the indecent familiarity, divested of all the It is not difficult for a supernatural being to majesty (if we may use the word) of devilish convince a philosopher that he can never know character, are faults which, instead of being much ; that his aspirings can never attain their easily forgotten, will become more and more aim; that his longings never can be satisfied. glaring by contrast, in proportion as the poem It is more easy still, when once he be convinced shall be more generally read. The author has of these things, to work upon his despairing the idea which Shakespeare has embodied in sensitiveness, and cause him to seek pleasure Macbeth, but how differently has he invested it! in the fruition of appetite and passion. Nor is The spacious heath, thunder and lightning, this without many illustrations in every-day life. the introduction of the classic Hecate, the farThus Mephistopheles dealt with Faust; divorced famed cauldron, give to the creation of Shakehim from his studies, infected his soul with the speare a horror, and at the same time an leprosy of devilish desire, and remained at his interest, such as the “secret, black and midnight elbow to ensure its consummation in action. hags” are intended to produce ; while the apes Tbus he perverted from its holy and useful of Goethe, the kitchen peopled with grotesque meaning the poble maxim wbich has descended and disgusting figures, the witch tumbling down
the chimney and fawning upon Mephistopheles, * The Druids wore shoes of a pentagonal form. cause us to lose our interest in our disgust.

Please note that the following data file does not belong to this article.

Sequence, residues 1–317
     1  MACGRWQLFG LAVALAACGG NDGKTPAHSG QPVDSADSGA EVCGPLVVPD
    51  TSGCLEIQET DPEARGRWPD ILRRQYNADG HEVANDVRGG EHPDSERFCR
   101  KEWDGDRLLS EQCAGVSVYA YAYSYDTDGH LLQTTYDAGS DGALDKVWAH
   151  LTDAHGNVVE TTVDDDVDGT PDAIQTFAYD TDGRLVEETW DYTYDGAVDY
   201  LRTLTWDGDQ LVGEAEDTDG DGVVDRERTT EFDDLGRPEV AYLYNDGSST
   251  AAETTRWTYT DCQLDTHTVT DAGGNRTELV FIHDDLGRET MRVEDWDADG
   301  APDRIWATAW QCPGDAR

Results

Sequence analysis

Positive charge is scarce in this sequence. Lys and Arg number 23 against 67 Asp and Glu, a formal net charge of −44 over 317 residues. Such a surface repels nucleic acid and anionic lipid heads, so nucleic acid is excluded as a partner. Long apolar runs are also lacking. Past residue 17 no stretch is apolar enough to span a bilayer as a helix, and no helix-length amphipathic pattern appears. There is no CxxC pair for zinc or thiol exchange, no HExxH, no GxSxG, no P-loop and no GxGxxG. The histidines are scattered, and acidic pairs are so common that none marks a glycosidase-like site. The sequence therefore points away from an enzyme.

Revenons : the drink is charmed and taken,
" Dies iræ, dies illa, and the scene is concluded.
Solvet seclum in favilla," We next behold the possessed Faust at his first meeting with Margaret, a modest young girl, and the demon, prompted by the words, warns into whose brain love has never entered, and her of the judgment and the doom: again are who is kind, gentle, and unsuspecting. Since sounded the thrilling words : the days of Adam, not forgetting St. Anthony en passant, the devil has found no keeper
Judex ergo cum sedebit, temptation with which to prove the frailty of
Quidquid latet apparebit, humanity than woman's beauty. Faust would
Nil inultum remanebit ;" have turned with loathing from any exhibitions revolting to his cultivated intellect. Power and again the devil " quotes the Scripture to might not have enchained him, for it cannot his purpose," until the victim faints in an agony satisfy the mind. The banquet of a Sybarite, of horror. music to soothe the senses, perfumes floating
The heart must be seared which can read this in the air, might have been shunned or ex. description of hear-tsick humanity, and Satanic cluded, and he would perhaps have taken refuge temptation in the holy precincts of the house of from them in his circumscribed study. God, without being touched with a living sym. But love-awakened desire was most potent. pathy for her, the frail and suffering girl. He saw, and was conquered. At their first To the Walpurgis night, and the witches' meeting, Margaret rejects his advances ; but, dance on the Brocken, we had intended to give poor child, she was in the toils of the devil. some space, but are warned to forbear. Those Through the aid of Martha, a neighbour and a